ERISA is a federal law that governs employee benefits. The term ERISA is shorthand for the federal Employee Retirement Income Security Act of 1974. Most people have never heard of ERISA, but its comprehensive scope impacts the vast majority of American workers and their dependents and beneficiaries. The original intent behind ERISA’s enactment was to remedy historic pension plan abuses and insure that workers received the benefits they were promised by their employers. However, just prior to Congress’ passage of the ERISA law, the scope of the legislation was dramatically expanded to not only cover retirement plans, but to also encompass “employee welfare benefits” such as medical and hospital benefits, as well as life and disability benefits.
Table of Contents
Types of ERISA Plans
The first question that is commonly asked is “what is an ERISA plan?” ERISA’s scope is so broad that covers almost all employer-sponsored benefits with very few exceptions. ERISA encompasses all types of retirement and deferred compensation plans, along with welfare benefits (see below), and may also include severance benefits and other programs offered by employers. A common misconception is that ERISA only governs plans that are “self-funded;” i.e., paid for entirely by employers. That is untrue since the statute explicitly states that ERISA also covers insured plans such as disability and life insurance. Most employees in the U.S. workforce receive ERISA-governed benefits, retirement accounts and other benefits such as health insurance purchased by self-employed individuals are not subject to ERISA. In addition, benefits for government employees, and employees of religious organizations (church plans) are ERISA-exempt. While many of the specific rules governing ERISA are highly technical, the following discussion tries to simplify the main principles.
Anyone who works for a private-sector organization which sponsors retirement benefits such as pension plan or a 401(k) plan (or 403(b) for non-profits) receives an ERISA-governed benefit that becomes vested; i.e., non-forfeitable so long as the employee works for the employer for a sufficient number of years. Because of ERISA’s reporting and disclosure requirements, as well as fiduciary obligations imposed on employers and anyone who has responsibility in managing investments and making benefit determinations, employees’ rights to receive the benefits they were promised are protected by ERISA. Employers are responsible for providing employees with summary plan descriptions that describe their eligibility to receive benefits, a vesting schedule that shows when benefits become non-forfeitable, and other plan terms and conditions. Employees are protected against mismanagement by rules requiring that the plan managers act at all times in the employees’ best interest.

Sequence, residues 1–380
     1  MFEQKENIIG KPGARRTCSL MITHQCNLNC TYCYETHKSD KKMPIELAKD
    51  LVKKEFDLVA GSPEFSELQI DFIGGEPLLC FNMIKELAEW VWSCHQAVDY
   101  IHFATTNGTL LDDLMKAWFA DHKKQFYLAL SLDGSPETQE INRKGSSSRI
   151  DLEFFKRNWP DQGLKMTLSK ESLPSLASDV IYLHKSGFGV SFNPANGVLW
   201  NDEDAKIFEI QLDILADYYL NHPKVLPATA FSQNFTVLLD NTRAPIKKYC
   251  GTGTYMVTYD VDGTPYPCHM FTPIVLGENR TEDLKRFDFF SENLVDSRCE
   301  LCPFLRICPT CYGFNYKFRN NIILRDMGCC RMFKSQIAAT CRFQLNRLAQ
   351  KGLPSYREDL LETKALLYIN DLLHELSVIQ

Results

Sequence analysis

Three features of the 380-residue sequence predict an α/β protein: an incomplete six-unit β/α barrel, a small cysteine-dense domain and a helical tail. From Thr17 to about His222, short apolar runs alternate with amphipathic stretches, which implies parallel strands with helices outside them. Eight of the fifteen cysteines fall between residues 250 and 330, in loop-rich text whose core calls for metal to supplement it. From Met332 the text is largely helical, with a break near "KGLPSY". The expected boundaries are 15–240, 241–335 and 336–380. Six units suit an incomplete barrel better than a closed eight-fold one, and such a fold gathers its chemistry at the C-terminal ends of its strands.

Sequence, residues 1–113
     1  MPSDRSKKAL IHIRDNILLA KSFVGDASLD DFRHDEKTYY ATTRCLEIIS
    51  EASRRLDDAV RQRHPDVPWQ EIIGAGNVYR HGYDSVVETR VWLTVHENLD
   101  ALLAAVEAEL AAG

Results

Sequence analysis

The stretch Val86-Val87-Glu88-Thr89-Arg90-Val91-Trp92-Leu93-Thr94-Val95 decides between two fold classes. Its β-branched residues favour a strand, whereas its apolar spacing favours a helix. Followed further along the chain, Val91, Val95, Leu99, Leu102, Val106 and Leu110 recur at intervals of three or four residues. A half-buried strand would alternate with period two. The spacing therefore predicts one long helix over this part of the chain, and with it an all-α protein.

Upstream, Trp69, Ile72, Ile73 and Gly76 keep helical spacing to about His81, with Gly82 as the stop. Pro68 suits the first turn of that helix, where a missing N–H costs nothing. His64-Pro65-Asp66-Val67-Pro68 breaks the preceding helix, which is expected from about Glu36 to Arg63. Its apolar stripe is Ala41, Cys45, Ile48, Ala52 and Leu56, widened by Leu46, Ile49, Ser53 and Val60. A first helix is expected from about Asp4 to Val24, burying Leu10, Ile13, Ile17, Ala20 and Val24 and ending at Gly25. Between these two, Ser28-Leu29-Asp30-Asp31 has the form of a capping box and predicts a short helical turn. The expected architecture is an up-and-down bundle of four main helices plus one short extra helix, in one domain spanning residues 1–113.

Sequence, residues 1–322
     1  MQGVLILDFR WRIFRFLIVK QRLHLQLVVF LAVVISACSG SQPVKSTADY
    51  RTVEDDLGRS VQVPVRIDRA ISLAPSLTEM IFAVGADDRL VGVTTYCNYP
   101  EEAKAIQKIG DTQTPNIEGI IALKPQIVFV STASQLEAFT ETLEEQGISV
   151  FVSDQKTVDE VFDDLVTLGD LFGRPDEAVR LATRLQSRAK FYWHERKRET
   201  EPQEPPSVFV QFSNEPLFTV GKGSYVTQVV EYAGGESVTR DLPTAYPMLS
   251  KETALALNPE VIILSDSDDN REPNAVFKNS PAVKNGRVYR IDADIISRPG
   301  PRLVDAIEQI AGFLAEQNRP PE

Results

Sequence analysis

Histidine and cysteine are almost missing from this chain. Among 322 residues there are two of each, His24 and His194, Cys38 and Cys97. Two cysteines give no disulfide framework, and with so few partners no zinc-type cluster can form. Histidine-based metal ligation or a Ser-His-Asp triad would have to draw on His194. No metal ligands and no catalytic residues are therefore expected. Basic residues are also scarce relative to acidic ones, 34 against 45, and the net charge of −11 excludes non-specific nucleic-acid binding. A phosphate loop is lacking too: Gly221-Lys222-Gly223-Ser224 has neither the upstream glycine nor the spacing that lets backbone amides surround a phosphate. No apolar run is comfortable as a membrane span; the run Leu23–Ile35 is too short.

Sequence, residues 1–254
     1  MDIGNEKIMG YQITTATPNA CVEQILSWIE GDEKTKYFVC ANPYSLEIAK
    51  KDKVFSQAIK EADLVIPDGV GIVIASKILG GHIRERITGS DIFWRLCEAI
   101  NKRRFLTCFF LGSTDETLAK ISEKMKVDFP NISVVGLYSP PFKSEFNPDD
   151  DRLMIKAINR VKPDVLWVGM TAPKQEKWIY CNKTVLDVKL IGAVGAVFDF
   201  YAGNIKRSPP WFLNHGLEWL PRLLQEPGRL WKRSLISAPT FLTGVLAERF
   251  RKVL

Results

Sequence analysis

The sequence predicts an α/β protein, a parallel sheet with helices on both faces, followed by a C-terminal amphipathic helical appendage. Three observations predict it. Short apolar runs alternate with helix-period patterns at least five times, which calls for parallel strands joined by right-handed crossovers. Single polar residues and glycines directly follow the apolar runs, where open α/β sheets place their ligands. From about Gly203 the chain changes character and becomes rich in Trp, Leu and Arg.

In some instances, employers establish deferred compensation programs for highly compensated and/or high-level employees. Those plans are also governed by ERISA but lack fiduciary protections for employees and may be more easily subject to changing eligibility and payment schedules.
Likewise, some employees work for employee-owned companies that are owned by Employee Stock Ownership Plans (ESOP). Those plans are governed by ERISA and benefits may be forfeited in whole or in part if the employee does not work for the company for a long enough period.
Individual retirement accounts are set up and maintained by individuals without employer involvement. Thus, ERISA does not apply to such benefits.
ERISA uses the term “welfare benefit plan.” However, that use of that term in the ERISA statute has no reference to public assistance benefits, but instead describes benefits that are provided for the employees’ welfare such as health, life, and disability benefits. Regardless of whether such benefits are self-funded or fully insured, they are subject to ERISA. That means if a dispute arises, many of the protections offered by state law for other types of insurance are non-existent because ERISA “preemption” negates the applicability of state laws that relate to employee benefits plans with the exception of state laws regulating insurance policies, although laws that give insureds include the right to sue for punitive damages in the event of a “bad faith” denial of benefits are preempted as well.